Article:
—(1) No advocate or solicitor shall at any time be permitted, unless with his client’s express consent, to disclose any communication made to him in the course and for the purpose of his employment as such advocate or solicitor by or on behalf of his client, or to state the contents or condition of any document with which he has become acquainted in the course and for the purpose of his professional employment, or to disclose any advice given by him to his client in the course and for the purpose of such employment.
(2) Nothing in this section shall protect from disclosure —
any such communication made in furtherance of any illegal purpose;
any fact observed by any advocate or solicitor in the course of his employment as such showing that any crime or fraud has been committed since the commencement of his employment.
(3) It is immaterial whether the attention of such advocate or solicitor was or was not directed to such fact by or on behalf of his client.
Explanation .—The obligation stated in this section continues after the employment has ceased.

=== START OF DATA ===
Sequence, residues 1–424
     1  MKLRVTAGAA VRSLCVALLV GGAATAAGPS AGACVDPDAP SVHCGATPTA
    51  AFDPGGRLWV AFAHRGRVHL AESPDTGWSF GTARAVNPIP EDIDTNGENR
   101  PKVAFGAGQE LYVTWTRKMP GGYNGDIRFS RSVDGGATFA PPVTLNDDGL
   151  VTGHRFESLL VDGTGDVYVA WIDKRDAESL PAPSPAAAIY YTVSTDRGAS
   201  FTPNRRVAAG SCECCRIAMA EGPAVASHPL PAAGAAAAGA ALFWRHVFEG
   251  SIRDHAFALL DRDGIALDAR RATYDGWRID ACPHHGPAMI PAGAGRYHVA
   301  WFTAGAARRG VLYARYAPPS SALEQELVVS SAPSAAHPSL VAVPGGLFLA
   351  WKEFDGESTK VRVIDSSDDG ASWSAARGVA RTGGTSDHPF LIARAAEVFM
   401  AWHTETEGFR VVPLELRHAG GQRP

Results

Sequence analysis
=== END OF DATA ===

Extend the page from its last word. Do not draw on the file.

A, a client, says to B, a solicitor: “I have committed forgery and I wish you to defend me”.
As the defence of a man known to be guilty is not a criminal purpose this communication is protected from disclosure.
A, a client, says to B, a solicitor: “I wish to obtain possession of property by the use of a forged deed on which I request you to sue”.
This communication being made in furtherance of a criminal purpose is not protected from disclosure.
A, being charged with embezzlement, retains B, a solicitor, to defend him. In the course of the proceedings B observes that an entry has been made in A’s account-book, charging A with the sum said to have been embezzled, which entry was not in the book at the commencement of his employment.
This being a fact observed by B in the course of his employment, showing that a fraud has been committed since the commencement of the proceedings, it is not protected from disclosure.